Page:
By James W. Covington
"The so much finished account of the background of the Florida Seminoles but undertaken."--John okay. Mahon, writer of History of the second one Seminole War The historical past of the Seminole Indians in Florida embodies an integral part of the tragic background of local and white American clash during the complete usa. Drawing on greatly scattered scholarship, together with the oldest records and lately stumbled on fabric, Covington supplies us a whole account of the Florida Seminoles from their front into the nation virtually 300 years in the past, during the nice chiefdoms of Micanopy, Osceola, and Billy Bowlegs, to the present political fact of democratic elections. (In truth one girl, Betty Mae Jumper, was once elected tribal chairperson in either 1967 and 1969.) After entering into the peninsula from Georgia and Alabama, the Seminoles fought 3 wars opposed to the whites. by means of 1858, on the finish of the ultimate battle, ninety percentage of the tribe have been killed or forcibly got rid of to Oklahoma. those that remained in chickees within the swampy grassland of south Florida comprised one of many final tribes within the nation to continue cultural independence from whites. With the drainage of the Everglades and extension of highways and railroads into the realm, the land the Indians lived on with out felony name turned best actual property, and the Seminoles have been evicted through the recent white proprietors. Covington brings the heritage of the tribe into this century as he describes the start of Seminole relocation to reservations, their participation in global warfare II, the inroads of Christianity within the Forties, and the alterations in tribal schooling, executive, and agriculture and company ventures some time past 3 many years.
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The meeting was held in a pavilion constructed of pine branches for the roof and walls. Grant and Stuart sat at a table facing the open end, and fifty or more Creeks sat on blanket-covered benches. The Lower Creek leaders had advanced into the area bearing a peace pipe, which was passed about the audience. Governor Grant, doing most of the talking through three interpreters, stated his case: The Great King after driving the French and Spanish from this land was most graciously pleased to appoint me to govern the white people in this part of his new conquered dominions.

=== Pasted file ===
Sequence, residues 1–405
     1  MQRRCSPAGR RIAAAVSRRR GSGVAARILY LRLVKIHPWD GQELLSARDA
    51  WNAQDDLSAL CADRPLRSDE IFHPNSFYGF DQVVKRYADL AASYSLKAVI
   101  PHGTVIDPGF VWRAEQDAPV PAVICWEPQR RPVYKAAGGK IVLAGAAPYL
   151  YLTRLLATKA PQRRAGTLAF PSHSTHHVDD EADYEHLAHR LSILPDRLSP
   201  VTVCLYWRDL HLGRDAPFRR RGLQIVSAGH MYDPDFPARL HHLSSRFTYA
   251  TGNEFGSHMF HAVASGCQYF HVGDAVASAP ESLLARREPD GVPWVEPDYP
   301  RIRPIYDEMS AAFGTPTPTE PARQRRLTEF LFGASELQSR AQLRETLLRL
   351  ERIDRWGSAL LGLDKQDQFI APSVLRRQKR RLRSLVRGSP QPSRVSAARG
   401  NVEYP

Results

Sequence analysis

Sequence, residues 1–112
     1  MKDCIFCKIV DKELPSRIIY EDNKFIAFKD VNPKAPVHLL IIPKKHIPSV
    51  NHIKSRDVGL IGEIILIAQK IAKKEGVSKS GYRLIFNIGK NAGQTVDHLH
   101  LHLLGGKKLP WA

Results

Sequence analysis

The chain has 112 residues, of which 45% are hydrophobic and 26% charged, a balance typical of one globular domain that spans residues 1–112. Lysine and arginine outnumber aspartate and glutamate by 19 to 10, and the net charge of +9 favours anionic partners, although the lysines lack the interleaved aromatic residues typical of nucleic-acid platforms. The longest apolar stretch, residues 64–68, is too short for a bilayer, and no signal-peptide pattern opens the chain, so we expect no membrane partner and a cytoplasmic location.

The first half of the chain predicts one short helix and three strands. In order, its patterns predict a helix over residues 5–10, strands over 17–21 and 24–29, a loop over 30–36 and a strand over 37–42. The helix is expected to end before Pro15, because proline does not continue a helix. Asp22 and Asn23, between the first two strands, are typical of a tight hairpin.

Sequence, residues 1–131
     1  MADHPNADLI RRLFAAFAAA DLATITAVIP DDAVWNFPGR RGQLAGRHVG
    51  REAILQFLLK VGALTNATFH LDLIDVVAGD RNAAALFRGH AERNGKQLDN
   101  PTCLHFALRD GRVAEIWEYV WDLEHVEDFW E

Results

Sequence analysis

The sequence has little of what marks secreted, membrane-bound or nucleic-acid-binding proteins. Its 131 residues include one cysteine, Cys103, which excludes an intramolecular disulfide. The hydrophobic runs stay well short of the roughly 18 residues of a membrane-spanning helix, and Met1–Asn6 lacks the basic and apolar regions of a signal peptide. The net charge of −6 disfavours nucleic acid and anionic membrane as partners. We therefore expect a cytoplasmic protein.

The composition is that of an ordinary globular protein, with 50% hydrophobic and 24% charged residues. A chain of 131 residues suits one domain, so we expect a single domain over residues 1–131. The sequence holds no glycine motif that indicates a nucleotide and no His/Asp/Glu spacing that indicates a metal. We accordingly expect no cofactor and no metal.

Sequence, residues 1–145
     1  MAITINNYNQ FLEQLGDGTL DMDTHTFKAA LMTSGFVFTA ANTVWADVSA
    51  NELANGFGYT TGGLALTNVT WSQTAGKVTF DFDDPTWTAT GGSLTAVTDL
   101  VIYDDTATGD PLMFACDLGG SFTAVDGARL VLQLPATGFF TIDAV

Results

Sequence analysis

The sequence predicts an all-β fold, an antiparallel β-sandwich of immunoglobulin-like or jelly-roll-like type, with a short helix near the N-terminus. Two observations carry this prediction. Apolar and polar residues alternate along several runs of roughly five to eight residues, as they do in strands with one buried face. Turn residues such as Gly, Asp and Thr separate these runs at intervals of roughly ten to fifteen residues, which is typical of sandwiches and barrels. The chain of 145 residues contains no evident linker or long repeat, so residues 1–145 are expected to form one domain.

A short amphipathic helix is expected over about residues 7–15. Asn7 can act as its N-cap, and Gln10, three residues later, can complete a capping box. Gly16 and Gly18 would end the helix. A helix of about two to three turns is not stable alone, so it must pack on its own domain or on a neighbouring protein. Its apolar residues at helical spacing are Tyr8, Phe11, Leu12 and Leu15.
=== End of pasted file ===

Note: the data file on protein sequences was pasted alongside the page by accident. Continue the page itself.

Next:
When the white Americans who controlled Georgia and Alabama proved tough competitors for the Lower Creek trade, Governor Zéspedes and his counterpart, West Florida governor Arturo O'Neill at Pensacola, decided to grant a monopoly of the fur trade to Panton, Leslie; the firm had the necessary know-how, funds, and equipment to handle the job. The selection of the Panton firm came as a result of the visits of Seminole and Page 20 Creek leaders to St. Augustine where Zéspedes, having few presents to give to the delegations, was saved embarrassment by a steady flow of presents advanced on credit by John Leslie.
You will consider that the presents which are now to be given us may last for a year but will afterwards not [last] and [will] become of no value, but the land which we now give will last forever. 61 As Tallechea noted in his talk, the Lower Creeks consented to give up 2 million acres of land in northeastern Florida, a much larger tract than the English had anticipated. The Treaty of Picolata negotiated in 1765 was signed mostly by Lower Creeks from Georgia, for the English believed that the Georgia towns controlled the land and people in Florida.
The Seminoles of Florida by James W. Covington